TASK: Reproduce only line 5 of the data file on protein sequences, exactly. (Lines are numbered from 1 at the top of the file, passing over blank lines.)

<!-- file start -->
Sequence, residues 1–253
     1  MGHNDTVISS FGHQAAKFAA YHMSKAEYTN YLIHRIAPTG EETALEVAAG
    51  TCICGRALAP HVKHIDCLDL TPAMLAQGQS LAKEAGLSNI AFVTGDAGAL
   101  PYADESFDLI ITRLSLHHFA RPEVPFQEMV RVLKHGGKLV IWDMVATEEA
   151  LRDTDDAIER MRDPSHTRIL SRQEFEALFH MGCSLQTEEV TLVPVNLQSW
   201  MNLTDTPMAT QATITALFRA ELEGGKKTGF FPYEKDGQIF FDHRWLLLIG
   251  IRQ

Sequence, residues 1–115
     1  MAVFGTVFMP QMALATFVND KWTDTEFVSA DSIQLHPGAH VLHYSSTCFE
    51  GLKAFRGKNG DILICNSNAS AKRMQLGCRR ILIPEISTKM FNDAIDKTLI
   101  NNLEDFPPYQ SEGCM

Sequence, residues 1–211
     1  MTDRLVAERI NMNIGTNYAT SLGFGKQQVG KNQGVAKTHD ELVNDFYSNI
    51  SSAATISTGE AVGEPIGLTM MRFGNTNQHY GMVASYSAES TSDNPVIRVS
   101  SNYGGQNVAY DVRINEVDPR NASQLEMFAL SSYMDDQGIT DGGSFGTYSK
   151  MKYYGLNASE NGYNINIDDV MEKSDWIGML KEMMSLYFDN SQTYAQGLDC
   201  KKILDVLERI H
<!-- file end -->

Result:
   151  LRDTDDAIER MRDPSHTRIL SRQEFEALFH MGCSLQTEEV TLVPVNLQSW